They're learning to canoe now

The turning point came in 2005, when Lynn turned 12 and was referred to the National University Hospital.

Suspecting that she could be suffering from AADC, paediatric neurologist Stacey Tay performed a spinal tap and sent the fluid to the US for testing.

"This is a very complex test performed in only several accredited clinical labs in the world," Prof Tay said, adding that some mild cases may be treatable and better mobility can therefore be achieved earlier.

Within three to six months of diagnosis and treatment, the Chang sisters were "walking better and did not need their wheelchairs", Mrs Chang recounted.

"According to Prof Tay, because of the rare nature of the condition, the amount of medication administered was on a trial-and-error basis. Sometimes more, sometimes less, and it took a few months to see how they responded," Mrs Chang added.

Joyce even managed to move from a special school to a mainstream one.

Around the same time, Mrs Chang also read in a magazine article that therapy in China could also help.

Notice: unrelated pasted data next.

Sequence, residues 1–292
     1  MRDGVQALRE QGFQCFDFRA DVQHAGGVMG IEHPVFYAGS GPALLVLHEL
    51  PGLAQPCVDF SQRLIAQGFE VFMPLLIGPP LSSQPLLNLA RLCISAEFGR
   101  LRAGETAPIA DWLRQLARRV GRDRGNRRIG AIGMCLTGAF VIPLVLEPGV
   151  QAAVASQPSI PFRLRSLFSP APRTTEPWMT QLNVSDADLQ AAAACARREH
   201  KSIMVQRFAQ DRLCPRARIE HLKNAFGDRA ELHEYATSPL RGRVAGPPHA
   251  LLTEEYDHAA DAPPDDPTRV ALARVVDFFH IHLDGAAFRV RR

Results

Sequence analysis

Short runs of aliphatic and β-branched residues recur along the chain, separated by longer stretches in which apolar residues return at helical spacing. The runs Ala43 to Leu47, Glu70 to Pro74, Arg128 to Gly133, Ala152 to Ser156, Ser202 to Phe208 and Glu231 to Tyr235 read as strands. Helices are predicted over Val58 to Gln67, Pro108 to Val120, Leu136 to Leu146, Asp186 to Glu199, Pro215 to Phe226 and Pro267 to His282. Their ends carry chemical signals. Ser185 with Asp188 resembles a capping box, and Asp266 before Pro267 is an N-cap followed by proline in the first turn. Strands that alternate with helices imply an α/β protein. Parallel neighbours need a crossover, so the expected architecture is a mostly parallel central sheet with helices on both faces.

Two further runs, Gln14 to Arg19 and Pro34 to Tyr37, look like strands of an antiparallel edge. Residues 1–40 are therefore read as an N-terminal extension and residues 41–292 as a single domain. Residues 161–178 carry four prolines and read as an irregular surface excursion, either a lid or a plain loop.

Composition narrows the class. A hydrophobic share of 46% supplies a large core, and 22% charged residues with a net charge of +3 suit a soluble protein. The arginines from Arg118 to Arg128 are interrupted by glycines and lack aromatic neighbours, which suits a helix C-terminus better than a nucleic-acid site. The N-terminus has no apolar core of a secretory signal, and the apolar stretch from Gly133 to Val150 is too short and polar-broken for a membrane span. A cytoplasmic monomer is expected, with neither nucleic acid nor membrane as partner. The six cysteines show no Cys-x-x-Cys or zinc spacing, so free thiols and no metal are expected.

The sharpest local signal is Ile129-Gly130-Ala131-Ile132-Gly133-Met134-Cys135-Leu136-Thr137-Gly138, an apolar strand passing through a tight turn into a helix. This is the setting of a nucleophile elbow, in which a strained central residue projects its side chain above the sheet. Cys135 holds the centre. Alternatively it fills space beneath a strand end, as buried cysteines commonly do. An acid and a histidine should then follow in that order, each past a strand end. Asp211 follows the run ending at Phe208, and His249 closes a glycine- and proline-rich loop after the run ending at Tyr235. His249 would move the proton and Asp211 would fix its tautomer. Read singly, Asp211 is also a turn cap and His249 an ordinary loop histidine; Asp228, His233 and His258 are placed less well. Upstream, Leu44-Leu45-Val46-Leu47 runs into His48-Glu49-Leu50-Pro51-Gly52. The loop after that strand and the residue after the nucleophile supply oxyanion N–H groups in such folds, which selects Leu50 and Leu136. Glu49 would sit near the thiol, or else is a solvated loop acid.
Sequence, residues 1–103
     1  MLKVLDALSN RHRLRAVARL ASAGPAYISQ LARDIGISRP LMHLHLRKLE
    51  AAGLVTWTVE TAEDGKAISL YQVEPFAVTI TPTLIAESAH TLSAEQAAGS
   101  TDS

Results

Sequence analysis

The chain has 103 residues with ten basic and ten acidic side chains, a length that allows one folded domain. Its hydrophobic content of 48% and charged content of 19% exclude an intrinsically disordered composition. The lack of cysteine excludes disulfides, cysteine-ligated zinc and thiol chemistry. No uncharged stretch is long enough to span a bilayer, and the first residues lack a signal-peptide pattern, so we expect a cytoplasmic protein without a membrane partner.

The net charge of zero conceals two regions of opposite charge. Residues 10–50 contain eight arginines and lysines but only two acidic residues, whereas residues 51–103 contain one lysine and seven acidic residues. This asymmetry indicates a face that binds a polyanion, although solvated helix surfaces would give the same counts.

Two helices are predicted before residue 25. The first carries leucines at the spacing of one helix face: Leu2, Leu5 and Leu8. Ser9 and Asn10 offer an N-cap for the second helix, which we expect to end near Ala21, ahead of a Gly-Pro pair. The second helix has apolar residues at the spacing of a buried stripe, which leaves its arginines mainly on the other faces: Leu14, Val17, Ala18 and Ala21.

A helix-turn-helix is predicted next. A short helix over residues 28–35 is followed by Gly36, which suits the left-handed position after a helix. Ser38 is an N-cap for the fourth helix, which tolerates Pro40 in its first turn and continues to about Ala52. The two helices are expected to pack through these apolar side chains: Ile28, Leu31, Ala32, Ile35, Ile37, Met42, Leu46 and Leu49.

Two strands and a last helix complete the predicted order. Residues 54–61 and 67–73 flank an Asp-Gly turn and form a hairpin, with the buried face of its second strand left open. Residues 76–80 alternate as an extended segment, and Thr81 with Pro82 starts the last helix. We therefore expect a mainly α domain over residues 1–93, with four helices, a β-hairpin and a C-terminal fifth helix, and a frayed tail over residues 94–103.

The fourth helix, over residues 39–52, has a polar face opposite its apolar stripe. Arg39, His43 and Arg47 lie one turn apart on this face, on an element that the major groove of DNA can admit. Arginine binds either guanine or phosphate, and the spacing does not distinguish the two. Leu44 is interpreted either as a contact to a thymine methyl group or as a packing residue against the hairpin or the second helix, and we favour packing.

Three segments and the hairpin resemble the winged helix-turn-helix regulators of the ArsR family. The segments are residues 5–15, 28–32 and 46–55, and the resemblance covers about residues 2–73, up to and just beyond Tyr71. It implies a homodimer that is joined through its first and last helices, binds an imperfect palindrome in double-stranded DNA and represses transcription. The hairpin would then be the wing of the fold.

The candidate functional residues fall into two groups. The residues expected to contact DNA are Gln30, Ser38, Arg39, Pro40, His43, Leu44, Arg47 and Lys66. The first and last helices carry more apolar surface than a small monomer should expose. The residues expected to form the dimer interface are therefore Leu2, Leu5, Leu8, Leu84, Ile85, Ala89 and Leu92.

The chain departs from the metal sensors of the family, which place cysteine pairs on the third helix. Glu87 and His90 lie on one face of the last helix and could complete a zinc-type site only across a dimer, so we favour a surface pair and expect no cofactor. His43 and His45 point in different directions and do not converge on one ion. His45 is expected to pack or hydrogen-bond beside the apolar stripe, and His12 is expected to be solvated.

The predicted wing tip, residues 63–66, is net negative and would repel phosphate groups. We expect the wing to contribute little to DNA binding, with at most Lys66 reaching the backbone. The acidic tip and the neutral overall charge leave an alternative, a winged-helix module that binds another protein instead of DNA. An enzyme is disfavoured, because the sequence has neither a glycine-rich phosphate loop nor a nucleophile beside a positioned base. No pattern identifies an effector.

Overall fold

Not wanting to leave any avenues unexplored, she got in touch with the Chinese physicians concerned and took her daughers to China, doing so with the blessings of her husband and Prof Tay.

Mrs Chang said: "It was the year that Lynn was sitting for her PSLE and we applied to have her exempted. We were there for 2½ months. The treatment was intensive and painful, especially for Joyce. But I'm glad that I took that chance. Look at my girls now."

For Joyce, who has a club foot (a congenital foot deformity), which seemed to be rotated internally at the ankle, walking was near impossible.


"But the intensive and painful massage therapy in China helped. She was able to walk after we took her there," Mrs Chang recounted.

The girls can now go through a day without having to nap and are even learning to canoe.

Today, Lynn is 22 and studying at Republic Polytechnic and Joyce, 19, is finishing her secondary school education at Unity Secondary.

They also attend Toastmaster classes on weekends and volunteer at the Asian Women's Welfare Association by packing goodie bags and giving lessons to children.